Sunday, August 10, 2008

Modified Two-Way Drury

Drury is a "must" convention for any partnership that may open light in third and fourth chair. Especially at matchpoints, it's good tactics to open the bidding in third chair with a hand like AKT96 K753 97 T5, but when your partner will gleefully leap to 3S with a hand like QJ83 T6 K542 QJ32, you'll go down hard (sometimes doubled) at the three-level.

Douglas Drury devised his now-famous convention in self-defense. He was tired of raising his partner Eric Murray's third chair openings to the three-level and watching him go for 1100. He felt much better being able to stop at the two-level for only 800!

As originally written up, responder would bid 2C with almost any maximum passed hand, and opener would bid 2D with any minimum. This got quickly amended by most tournament players to promise a fit with the 2C call, with opener's negative rebid being two of his major (known as Reverse Drury).

A further innovation was Two-Way Drury. Responder would bid 2C with a good three-card raise, or 2D with a good four-card raise. I played this this for a few years, until I learned of this modification:

2C = 4 card constructive or limit raise
2D = 3 card limit raise
2M = 3 card constructive raise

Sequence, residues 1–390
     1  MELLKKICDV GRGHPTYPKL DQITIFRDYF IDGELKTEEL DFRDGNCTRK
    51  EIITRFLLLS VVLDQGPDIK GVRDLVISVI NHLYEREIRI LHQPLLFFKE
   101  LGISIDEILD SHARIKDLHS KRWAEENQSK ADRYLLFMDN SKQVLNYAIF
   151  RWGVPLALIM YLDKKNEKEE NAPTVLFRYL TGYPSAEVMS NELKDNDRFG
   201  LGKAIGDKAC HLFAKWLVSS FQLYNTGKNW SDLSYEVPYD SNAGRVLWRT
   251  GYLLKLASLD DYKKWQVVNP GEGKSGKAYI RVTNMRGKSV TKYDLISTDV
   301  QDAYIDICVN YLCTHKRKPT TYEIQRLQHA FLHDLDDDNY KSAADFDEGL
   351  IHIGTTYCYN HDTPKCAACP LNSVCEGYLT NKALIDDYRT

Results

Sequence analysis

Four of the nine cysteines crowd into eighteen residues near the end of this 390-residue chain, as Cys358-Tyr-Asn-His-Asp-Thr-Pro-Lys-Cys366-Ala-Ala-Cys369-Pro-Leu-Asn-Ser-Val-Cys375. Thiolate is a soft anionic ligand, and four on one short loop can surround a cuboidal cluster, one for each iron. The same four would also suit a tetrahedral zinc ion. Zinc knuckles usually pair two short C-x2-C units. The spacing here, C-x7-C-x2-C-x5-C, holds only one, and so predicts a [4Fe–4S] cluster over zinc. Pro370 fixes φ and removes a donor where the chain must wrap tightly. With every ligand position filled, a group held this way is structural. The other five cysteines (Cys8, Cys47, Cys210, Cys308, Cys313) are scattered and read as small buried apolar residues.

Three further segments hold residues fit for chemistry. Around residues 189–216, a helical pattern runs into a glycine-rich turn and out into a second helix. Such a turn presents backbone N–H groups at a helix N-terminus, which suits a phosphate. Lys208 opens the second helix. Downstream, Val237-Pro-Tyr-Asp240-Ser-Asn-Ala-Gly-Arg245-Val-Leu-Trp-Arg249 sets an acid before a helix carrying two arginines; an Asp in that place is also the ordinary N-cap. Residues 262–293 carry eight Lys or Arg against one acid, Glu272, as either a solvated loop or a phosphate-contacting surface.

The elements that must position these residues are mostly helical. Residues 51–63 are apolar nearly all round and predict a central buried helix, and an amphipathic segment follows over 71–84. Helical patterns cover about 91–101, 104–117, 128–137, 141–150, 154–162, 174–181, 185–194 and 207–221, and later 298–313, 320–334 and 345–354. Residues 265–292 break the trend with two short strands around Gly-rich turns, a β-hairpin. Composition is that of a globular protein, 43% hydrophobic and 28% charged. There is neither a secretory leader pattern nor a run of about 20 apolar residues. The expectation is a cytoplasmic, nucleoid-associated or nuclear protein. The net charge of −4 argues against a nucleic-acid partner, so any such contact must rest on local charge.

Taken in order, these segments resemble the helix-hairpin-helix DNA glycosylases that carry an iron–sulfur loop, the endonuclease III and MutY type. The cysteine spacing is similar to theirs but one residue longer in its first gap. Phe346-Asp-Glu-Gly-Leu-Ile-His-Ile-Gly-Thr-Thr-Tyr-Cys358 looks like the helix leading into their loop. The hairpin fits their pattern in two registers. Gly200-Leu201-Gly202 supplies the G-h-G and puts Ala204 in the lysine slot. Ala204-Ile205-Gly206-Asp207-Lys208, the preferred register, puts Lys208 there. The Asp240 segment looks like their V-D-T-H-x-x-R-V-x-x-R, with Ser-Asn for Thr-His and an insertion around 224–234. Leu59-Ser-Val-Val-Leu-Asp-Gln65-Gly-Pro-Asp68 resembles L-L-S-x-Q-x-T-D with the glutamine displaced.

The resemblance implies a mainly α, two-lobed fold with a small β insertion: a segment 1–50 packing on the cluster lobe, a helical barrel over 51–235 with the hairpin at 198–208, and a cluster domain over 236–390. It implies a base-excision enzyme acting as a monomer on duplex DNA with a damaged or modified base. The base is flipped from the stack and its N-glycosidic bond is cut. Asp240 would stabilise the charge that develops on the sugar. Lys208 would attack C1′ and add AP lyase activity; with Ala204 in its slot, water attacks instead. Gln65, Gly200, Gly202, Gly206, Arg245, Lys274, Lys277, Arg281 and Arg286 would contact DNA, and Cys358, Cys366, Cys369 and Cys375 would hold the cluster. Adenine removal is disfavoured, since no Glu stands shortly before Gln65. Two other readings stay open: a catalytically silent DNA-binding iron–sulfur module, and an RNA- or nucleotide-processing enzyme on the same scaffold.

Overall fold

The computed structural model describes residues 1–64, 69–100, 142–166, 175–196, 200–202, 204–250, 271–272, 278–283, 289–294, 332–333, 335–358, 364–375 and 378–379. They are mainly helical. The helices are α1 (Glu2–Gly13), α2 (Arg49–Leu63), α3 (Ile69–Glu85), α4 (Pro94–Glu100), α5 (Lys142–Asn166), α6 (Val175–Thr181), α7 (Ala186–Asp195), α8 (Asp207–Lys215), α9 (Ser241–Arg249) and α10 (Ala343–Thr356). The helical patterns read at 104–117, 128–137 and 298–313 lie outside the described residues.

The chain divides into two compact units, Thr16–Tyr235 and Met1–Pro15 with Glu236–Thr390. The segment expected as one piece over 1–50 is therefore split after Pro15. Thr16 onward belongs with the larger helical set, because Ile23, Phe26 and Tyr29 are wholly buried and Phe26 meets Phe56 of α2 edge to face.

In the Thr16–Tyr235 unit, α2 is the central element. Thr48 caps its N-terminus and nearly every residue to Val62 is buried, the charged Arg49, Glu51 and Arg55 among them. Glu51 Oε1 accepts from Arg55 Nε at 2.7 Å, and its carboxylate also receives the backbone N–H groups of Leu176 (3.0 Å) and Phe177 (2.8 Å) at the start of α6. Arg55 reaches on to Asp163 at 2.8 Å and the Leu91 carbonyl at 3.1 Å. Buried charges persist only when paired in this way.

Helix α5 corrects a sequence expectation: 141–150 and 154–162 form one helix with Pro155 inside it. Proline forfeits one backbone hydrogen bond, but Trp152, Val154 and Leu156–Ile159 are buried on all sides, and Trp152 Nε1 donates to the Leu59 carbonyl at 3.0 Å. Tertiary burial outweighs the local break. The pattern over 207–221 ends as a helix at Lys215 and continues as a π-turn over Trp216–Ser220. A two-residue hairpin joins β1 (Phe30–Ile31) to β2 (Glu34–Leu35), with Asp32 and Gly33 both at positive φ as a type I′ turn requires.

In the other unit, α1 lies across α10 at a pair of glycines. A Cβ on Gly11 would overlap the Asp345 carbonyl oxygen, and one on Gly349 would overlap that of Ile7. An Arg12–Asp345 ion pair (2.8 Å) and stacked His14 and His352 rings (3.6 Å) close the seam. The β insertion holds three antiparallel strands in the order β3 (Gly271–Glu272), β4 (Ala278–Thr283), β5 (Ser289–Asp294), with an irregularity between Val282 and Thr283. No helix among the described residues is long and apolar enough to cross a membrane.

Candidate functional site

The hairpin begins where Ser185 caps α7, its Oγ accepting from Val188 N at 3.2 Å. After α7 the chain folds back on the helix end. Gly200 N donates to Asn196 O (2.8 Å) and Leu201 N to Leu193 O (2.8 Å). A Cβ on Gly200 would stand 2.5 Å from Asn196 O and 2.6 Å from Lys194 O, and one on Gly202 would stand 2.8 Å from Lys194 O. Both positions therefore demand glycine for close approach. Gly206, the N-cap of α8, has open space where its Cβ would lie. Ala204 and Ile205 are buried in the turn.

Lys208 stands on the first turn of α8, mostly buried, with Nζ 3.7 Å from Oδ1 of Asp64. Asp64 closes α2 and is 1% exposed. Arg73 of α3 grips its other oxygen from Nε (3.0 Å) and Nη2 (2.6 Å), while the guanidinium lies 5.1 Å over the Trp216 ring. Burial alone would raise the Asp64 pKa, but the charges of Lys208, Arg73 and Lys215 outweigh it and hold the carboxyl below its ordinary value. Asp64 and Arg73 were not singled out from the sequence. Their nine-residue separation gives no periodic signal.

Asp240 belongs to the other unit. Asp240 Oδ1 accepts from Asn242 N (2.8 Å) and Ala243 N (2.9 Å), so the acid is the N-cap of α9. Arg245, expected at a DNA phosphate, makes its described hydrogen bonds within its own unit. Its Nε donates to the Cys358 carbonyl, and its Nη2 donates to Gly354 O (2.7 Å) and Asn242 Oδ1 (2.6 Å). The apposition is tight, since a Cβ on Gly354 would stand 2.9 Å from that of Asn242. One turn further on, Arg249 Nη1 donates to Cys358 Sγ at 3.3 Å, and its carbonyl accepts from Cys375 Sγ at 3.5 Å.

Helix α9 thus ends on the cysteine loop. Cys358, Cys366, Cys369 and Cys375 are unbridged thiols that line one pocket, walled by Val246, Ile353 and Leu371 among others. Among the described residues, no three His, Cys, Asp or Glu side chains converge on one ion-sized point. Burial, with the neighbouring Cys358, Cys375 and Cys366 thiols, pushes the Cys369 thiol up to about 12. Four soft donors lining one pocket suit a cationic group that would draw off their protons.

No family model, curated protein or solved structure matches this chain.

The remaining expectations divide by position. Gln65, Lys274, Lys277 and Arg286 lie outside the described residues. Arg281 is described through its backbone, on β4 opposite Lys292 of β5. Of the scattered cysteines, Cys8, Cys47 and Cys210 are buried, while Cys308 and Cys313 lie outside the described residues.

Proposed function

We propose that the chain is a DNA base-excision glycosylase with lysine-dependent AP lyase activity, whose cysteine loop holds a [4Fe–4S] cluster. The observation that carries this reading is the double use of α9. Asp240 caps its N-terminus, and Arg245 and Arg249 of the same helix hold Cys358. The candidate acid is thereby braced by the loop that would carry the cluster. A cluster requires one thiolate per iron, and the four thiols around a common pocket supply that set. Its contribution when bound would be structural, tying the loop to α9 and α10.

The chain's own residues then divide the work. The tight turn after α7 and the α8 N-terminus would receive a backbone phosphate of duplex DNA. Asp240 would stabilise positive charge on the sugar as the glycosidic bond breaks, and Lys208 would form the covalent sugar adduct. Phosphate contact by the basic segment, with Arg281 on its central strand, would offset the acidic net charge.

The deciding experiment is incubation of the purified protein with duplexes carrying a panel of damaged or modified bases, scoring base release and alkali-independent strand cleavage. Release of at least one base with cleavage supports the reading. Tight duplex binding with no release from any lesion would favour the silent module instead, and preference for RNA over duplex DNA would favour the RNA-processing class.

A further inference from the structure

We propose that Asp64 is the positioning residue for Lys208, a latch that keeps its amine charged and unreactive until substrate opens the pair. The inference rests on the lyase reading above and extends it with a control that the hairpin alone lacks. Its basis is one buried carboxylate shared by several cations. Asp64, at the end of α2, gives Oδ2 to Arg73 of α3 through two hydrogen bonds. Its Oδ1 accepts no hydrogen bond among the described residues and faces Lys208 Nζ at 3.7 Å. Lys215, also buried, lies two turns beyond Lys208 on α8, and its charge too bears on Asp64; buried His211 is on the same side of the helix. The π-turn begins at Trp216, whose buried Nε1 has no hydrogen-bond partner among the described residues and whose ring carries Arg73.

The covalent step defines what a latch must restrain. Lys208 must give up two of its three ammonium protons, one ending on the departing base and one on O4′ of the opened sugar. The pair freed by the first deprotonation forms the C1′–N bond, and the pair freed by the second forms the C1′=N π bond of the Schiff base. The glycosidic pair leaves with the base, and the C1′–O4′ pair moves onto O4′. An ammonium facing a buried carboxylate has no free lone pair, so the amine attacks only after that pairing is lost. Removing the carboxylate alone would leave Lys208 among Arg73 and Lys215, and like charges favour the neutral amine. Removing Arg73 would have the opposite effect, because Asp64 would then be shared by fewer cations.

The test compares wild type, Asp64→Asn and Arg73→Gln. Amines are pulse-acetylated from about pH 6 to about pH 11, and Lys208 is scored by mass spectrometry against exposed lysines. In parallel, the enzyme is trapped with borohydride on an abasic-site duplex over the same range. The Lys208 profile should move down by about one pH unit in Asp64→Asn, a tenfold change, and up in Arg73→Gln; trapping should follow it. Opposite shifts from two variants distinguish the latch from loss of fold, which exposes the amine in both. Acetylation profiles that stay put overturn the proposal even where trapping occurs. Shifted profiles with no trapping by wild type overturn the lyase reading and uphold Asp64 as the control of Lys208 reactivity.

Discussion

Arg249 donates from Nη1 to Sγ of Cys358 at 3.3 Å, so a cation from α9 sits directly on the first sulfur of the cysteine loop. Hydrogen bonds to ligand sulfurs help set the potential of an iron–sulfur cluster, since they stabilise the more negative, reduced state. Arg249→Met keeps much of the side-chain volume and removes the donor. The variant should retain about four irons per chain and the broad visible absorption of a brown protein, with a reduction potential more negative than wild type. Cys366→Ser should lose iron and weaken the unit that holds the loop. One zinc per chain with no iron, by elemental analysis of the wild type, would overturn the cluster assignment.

After P - 1M - 2C, opener can sign off in two of his suit, or bid 2D to ask which type of raise. With the constructive raise, responder returns to two of the major. With the limit raise, responder bids as naturally as possible. So, with

KT98 QJ52 J76 83

the auction would go (opponents silent)

P - 1S;
2C! - 2D!

but with

KT98 QJ52 A76 83

the auction would go

P - 1S;
2C! - 2D!

and with

KT98 QJ52 A763 5

the auction would go

P - 1S;
2C! - 2D!
4C (splinter).

Knowing partner's exact trump length is a very important thing for some players. I made the decision a while back that I'm not one of them. I decided that three bids (2C, 2D, 2M) to raise partner was a little too much wastage. The argument for two-way Drury is that on a lot of hands that would bid a natural 2D over partner's third chair opening would've opened a weak 2D in first chair. I decided to go with that argument... so now, with most partners, I play P - 1M - 2D as Reverse Drury, and P - 1M - 2C as natural!


RoboJenny said...

Nice post. I seem to play "two-way reversed" Drury right now, but never was sure what non-two-way or non-reversed meant.

Could you maybe tell me what the "fit" checkbox (on an ACBL convention card) for Drury is for? What form of Drury would check this box and what form would not?


McKenzie said...

As far as I can tell, the "fit" means the newer (only 30 years old) style that Drury promises a fit. So few people play that Drury doesn't necessarily show a fit that I think the checkbox is more confusing than helpful.